Trying to keep ice cool as my London Marathon training hots up
As the weeks progress into my training schedule and the length and frequency of my runs have increased, I've noticed more "niggles" in my body. In the past couple of weeks I've found my legs and shoulders in particular are really tight and at times a persistent dull aching in my knee joints, which can even wake me up at night.
The feeling of tightness was almost like an alarm bell alerting me I really ought to be looking after myself and stretching. I've always been quite slack with stretching. I'm often too concerned with heading to the fridge or jumping in the shower immediately after a run. It began to dawn on me that I really need to fix up if I want to avoid injury.
I'd heard my other running friends referring to taking "ice baths" but I'd never really paid much attention because it sounded like some sort of torture. I'd also heard conflicting theories about whether they were actually beneficial, so I'd quickly dismissed them in favour of a more appealing hot shower. As my 18-miler loomed, however, I knew I had to try some new tricks to help me ease this increasing tightness I was experiencing. The theory behind ice baths is that they reduce the swelling in muscle tissues, enabling you to recover faster. The argument against this is that you need this process to improve your fitness from recovery. I was a bit baffled as to what to do but I thought it was worth giving it a try! So it went a bit like this: After I returned home from my first 18 mile run (may I add it had been pouring with rain so I was already soaked and shivering) I bravely lowered myself into a tub of waist level cold water with several trays of ice. I took the edge off by remaining fully dressed in my leggings, put another big hoody on and sipped a cup of hot tea. I then set the timer for 12 minutes before I eagerly jumped out. The experience was far from pleasant but I definitely felt better the following few days than I had in the past after my long runs.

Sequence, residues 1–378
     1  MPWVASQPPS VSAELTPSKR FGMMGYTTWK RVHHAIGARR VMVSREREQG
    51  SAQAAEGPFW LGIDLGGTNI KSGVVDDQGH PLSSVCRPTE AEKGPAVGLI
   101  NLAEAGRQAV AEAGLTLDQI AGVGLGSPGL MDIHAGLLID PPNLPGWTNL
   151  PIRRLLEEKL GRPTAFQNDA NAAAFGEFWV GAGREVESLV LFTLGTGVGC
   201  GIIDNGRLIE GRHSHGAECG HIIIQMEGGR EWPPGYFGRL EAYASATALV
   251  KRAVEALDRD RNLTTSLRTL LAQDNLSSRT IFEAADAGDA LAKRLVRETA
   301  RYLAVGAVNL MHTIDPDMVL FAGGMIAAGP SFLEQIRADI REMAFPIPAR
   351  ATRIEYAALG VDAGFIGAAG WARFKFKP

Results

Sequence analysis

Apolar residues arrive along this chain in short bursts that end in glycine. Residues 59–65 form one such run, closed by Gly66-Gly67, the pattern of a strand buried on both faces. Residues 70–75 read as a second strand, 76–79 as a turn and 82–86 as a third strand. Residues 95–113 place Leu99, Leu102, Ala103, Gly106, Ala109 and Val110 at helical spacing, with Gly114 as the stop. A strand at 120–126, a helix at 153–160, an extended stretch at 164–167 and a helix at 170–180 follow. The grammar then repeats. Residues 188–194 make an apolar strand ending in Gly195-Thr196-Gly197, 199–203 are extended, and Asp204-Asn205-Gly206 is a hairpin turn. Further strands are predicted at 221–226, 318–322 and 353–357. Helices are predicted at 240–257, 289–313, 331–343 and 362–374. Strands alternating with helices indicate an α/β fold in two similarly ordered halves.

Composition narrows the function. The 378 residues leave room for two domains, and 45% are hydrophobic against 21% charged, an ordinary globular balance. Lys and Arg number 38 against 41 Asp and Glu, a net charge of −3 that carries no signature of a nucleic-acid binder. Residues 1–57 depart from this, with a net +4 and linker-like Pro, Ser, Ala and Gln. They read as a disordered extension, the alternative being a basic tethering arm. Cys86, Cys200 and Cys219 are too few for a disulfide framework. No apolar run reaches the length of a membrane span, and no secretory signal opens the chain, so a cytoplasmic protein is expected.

The importance of stretching
A few days later I also went for a Thai massage to ease the tension in my limbs and, whilst this was a bit of an expense (£45), I felt incredible the next day! I'm not sure I am ready for the brutality of a sports massage (although I'm aware I need to have them) but the therapist stretching my limbs worked out all the knots in my shoulders. I've also made more of an effort to set aside time after a run to stretch my legs myself (I've been using this video to help me) although interestingly I've been told to not to "overdo it" after a long run. Apparently the muscles can become loose and pliable which can lead them to being overstretched. It feels like training is a complex formula - you have to always be aware not to do too much or too little practice. I hope I'm doing at least something right but for now I will continue to keep on keeping on!
by Camila Fernandez Marie Curie fundraiser Camila is running the Virgin Money London Marathon for Marie Curie and will be writing a regular blog in the run up to the event in April. If you already have a place for this year’s event, we’d love you to join our Daffodil team to raise money for Marie Curie.